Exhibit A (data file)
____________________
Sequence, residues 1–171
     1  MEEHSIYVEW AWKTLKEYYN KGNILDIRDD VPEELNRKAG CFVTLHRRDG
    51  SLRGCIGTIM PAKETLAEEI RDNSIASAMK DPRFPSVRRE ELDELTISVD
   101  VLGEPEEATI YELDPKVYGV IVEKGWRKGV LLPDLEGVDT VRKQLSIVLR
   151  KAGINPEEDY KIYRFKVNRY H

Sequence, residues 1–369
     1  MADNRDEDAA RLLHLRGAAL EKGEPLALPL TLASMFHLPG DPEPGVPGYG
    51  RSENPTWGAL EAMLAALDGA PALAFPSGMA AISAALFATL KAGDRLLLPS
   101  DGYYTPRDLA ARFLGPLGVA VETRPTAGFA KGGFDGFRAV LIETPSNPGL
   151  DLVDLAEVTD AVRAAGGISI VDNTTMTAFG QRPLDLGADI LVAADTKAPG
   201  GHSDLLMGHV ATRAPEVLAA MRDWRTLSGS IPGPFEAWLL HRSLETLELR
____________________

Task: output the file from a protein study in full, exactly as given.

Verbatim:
Sequence, residues 1–171
     1  MEEHSIYVEW AWKTLKEYYN KGNILDIRDD VPEELNRKAG CFVTLHRRDG
    51  SLRGCIGTIM PAKETLAEEI RDNSIASAMK DPRFPSVRRE ELDELTISVD
   101  VLGEPEEATI YELDPKVYGV IVEKGWRKGV LLPDLEGVDT VRKQLSIVLR
   151  KAGINPEEDY KIYRFKVNRY H

Sequence, residues 1–369
     1  MADNRDEDAA RLLHLRGAAL EKGEPLALPL TLASMFHLPG DPEPGVPGYG
    51  RSENPTWGAL EAMLAALDGA PALAFPSGMA AISAALFATL KAGDRLLLPS
   101  DGYYTPRDLA ARFLGPLGVA VETRPTAGFA KGGFDGFRAV LIETPSNPGL
   151  DLVDLAEVTD AVRAAGGISI VDNTTMTAFG QRPLDLGADI LVAADTKAPG
   201  GHSDLLMGHV ATRAPEVLAA MRDWRTLSGS IPGPFEAWLL HRSLETLELR